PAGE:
Livni Wins Kadima, Now Must Form Coalition

Ad Feedback - JERUSALEM, Israel - Foreign Minister Tzipi Livni's photo finish victory in the Kadima party primaries Wednesday came down to margin of 1.1 percent or 431 votes over the runnerup, Transportation Minister Shaul Mofaz. It was a narrow victory by anyone's standards.

Livni wound up with 43.1 percent of the vote (16,936) votes to Mofaz's 42 percent (16,535).

About half the party's 74,000 members voted and less than half of them voted for Livni.

Click play for a report from Jerusalem with CBN News senior editor, John Waage.

Beginning next week, the new Kadima party chairwoman will have 42 days to form a coalition, while simultaneously trying to narrow the rifts in her own party.

Mark Regev, spokesman for outgoing Prime Minister Ehud Olmert, said the prime minister called Livni to congratulate her and would notify the ministers -- again -- of his resignation at Sunday's Cabinet meeting. "After that, he will resign," Regev said.

Livni's strongest accolades came from the Palestinians and from MK (member of Knesset) Yossi Beilin, of the ultra-left-wing Meretz party.

"I am really happy that Livni won because she is committed to the peace process," Beilin said. "I think the right thing for her to do now is to form a coalition that wants to promote peace rather than a broad government with the right," he said.

Officials in the Palestinian Authority (PA) responded in kind.

"Livni realizes that the solution to the current situation is a quick diplomatic agreement with us," one PA official told YNet news. "We hope that she'd be able to form a government very quickly," he said.

But not everyone was as enthusiastic as Yossi Beilin and the Palestinian Authority.

Labor MK Ofer Pines-Paz warned that if Livni gives in to "extortion," a probable reference to the demand by the ultra-Orthodox Shas party for higher government-funded child allowances, Labor may not join the new government.

"The likelihood that a government will be established is very similar to the likelihood of general elections," Pines-Paz said. "If Livni succumbs to every demand and to extortion, she may end up without us ," he said.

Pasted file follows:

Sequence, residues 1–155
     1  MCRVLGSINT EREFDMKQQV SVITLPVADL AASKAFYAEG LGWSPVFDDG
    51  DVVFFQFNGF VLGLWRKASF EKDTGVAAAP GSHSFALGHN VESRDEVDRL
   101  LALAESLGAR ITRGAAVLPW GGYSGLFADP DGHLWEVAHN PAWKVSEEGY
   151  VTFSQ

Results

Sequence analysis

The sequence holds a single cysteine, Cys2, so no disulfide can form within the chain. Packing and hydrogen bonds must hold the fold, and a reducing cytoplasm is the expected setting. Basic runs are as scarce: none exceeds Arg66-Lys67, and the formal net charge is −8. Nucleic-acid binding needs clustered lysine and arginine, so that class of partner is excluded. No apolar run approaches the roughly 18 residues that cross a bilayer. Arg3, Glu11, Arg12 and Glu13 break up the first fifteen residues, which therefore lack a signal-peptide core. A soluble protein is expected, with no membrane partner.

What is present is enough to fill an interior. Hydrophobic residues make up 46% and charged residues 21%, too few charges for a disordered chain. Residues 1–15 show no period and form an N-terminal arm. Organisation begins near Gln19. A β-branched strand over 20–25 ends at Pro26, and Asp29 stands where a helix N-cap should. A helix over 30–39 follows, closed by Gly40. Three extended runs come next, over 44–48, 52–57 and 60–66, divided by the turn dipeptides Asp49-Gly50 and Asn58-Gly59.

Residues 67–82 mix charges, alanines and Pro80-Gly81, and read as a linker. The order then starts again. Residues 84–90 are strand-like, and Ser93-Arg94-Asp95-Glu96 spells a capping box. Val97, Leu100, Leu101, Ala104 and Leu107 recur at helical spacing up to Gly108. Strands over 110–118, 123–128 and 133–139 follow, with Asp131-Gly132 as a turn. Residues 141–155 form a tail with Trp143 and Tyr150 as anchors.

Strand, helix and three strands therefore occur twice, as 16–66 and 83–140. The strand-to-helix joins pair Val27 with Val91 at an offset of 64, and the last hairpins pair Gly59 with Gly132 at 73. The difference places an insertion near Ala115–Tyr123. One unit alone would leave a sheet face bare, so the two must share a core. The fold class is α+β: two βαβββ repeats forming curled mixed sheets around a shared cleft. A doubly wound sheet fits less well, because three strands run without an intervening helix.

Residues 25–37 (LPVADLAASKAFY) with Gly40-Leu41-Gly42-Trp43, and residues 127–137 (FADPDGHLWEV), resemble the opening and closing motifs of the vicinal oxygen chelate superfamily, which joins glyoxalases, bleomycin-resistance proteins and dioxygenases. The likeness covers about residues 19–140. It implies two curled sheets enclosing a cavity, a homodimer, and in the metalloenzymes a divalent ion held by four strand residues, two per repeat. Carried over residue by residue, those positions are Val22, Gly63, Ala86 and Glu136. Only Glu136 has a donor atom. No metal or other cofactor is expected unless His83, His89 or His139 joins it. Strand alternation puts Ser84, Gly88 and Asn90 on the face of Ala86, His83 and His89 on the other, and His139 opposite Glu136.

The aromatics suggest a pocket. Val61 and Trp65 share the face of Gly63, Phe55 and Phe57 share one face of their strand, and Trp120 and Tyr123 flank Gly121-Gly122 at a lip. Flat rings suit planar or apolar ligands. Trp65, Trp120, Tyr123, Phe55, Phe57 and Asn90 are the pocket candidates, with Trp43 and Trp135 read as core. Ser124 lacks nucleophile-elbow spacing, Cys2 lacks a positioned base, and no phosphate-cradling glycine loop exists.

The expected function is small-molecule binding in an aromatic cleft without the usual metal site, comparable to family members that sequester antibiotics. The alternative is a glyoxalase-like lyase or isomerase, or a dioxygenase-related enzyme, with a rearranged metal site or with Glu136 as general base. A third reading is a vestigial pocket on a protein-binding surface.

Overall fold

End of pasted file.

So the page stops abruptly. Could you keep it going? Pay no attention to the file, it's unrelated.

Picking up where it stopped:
The Shas party, which remained in the Olmert coalition despite repeated threats to leave, said the party's call for child subsidies must be met.

"If Livni wants a government, she needs to comply with our demands," Shas chairman Eli Yishai said. "If money for children in need is extortion, then we are extortionists," he said.

Shas, which demands government subsidies for large Orthodox families, plans to submit a new bill to the next coalition requiring equal funding for private, religious school systems as for state schools.

The other Shas requirement for joining a Livni-led government is that Jerusalem's future not be discussed with the Palestinians. Many believe that the issue of Jerusalem has already been discussed in the secret negotiations with the Palestinians headed by Livni.

"If it becomes clear that Jerusalem is on the negotiating table, then we won't be part of the coalition," Shas spokesman Roi Lachmanovitch said.

He didn't elaborate on how much proof Shas leaders need to determine that the bargaining over Jerusalem has already begun.

Likud faction chairman Gideon Sa'ar said his party would not consider joining a coalition led by Livni.

"Today a replacement prime minister is chosen, but a prime minister must be selected by the entire public," he said.

Agriculture Minister Shalom Simhon (Labor) also called for new elections.

"Let's go to elections and let the people choose their prime minister," Simhon said.

"It cannot be that so few people will decide who the prime minister of Israel will be," he said.

"I welcome Livni's victory, but Labor will prefer elections," he said.

Sources: The Associated Press, The Jerusalem Post, YNet news, Haaretz

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Tzippe Barrow

Tzippe Barrow

CBN News - Jerusalem Bureau

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